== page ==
Pine deck

Got the kettle on Nigel? Peggy Bawn, Dunmore East, Ireland, June 2005.
Got the kettle on Nigel? ‘Peggy Bawn’, Dunmore East, Ireland, June 2005.

Always fun to turn tables on a pro snapper. Through 2004 and 2005, marine photographer Nigel Pert regularly followed the authentic rebuild of Hal Sisk’s 1894 GL Watson-designed gaff cutter, PEGGY BAWN, at the Dunmore East yard of shipwright, Michael Kennedy, on Ireland’s south-east coast.

My affinity with a yellow pine deck (USA: white pine; botanical: Pinus strobus) continued from experience with the William Fife Jr-designed bermudan cutter, Solway Maid. Fortunately there was no choice: as found, Peggy Bawn still had her original, though not useable, then 110-year-old yellow pine deck – and authenticity was our watchword.

From a time when boat designers and builders could choose any species, on demand, Peggy’s creators would not have given much thought to the deck material: by default, GL Watson would have specified lightweight and dimensionally stable yellow pine, and John Hilditch would have held carefully seasoned stock at or near his yard at Carrickfergus on the north shore of Belfast Lough. It was the norm; the use of teak for decks wasn’t.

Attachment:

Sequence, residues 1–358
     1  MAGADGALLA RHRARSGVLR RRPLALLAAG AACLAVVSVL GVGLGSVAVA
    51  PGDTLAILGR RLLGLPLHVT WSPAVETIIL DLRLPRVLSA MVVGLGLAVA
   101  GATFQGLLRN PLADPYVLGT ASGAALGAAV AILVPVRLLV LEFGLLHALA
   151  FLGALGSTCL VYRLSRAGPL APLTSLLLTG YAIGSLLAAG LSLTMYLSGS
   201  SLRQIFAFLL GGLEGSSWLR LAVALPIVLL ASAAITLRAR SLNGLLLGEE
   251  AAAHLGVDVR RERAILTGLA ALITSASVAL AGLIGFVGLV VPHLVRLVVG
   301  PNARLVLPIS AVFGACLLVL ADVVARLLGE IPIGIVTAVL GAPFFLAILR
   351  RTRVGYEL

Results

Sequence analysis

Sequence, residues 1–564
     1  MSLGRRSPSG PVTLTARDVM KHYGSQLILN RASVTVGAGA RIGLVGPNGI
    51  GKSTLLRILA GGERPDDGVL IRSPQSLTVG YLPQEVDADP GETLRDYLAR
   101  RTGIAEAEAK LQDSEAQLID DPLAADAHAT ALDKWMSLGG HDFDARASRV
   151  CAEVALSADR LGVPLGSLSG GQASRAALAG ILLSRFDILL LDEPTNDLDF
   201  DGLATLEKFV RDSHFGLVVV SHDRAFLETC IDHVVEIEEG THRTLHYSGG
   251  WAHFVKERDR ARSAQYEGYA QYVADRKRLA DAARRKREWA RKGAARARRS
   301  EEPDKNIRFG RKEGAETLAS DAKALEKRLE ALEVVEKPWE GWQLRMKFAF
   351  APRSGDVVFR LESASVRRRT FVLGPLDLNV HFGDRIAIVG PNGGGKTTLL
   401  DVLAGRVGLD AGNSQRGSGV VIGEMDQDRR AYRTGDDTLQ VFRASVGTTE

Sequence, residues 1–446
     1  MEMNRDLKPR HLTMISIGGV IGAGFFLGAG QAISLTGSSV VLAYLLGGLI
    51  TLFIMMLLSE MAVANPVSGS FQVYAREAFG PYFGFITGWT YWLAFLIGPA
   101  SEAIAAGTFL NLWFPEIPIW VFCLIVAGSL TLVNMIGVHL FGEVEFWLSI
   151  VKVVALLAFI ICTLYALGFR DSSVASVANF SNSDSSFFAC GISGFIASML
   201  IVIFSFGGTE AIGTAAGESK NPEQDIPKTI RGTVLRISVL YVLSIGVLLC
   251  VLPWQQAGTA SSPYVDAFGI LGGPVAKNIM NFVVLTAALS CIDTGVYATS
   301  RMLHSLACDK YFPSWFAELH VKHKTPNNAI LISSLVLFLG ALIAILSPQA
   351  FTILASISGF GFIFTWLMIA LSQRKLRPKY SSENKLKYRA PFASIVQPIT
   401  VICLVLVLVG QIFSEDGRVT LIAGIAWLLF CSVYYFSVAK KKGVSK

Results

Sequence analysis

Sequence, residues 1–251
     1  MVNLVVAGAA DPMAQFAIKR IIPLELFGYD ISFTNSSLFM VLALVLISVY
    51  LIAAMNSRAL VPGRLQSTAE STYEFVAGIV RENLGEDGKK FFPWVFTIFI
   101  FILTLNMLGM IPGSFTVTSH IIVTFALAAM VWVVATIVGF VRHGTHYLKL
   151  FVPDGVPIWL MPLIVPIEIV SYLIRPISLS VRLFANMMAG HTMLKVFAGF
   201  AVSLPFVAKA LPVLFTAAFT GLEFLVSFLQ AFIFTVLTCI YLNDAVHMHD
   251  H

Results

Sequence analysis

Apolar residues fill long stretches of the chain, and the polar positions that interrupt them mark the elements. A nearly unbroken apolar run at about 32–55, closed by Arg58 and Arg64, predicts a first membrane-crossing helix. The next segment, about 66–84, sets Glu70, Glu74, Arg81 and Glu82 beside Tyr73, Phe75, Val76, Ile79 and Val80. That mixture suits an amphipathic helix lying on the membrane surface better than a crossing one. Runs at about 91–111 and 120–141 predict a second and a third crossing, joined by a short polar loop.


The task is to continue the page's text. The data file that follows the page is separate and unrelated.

“… it’s better than we could possibly imagine.”

Years of unsustainable use and changing patterns of demand mean that best quality yellow pine is well-nigh impossible to find. But we succeeded via a wonderful network of contacts in sourcing perfect, full length (36 feet / 11 m) stock from a sawmill in deepest Massachusetts.

I well remember Michael’s excited phone call from America: “Iain, it’s better than we could possibly imagine.” And my feeling of relief that the expense of sending him all that way had been justified. The alternative: buying blind and incurring the cost of specially shipping potentially inferior material was unthinkable.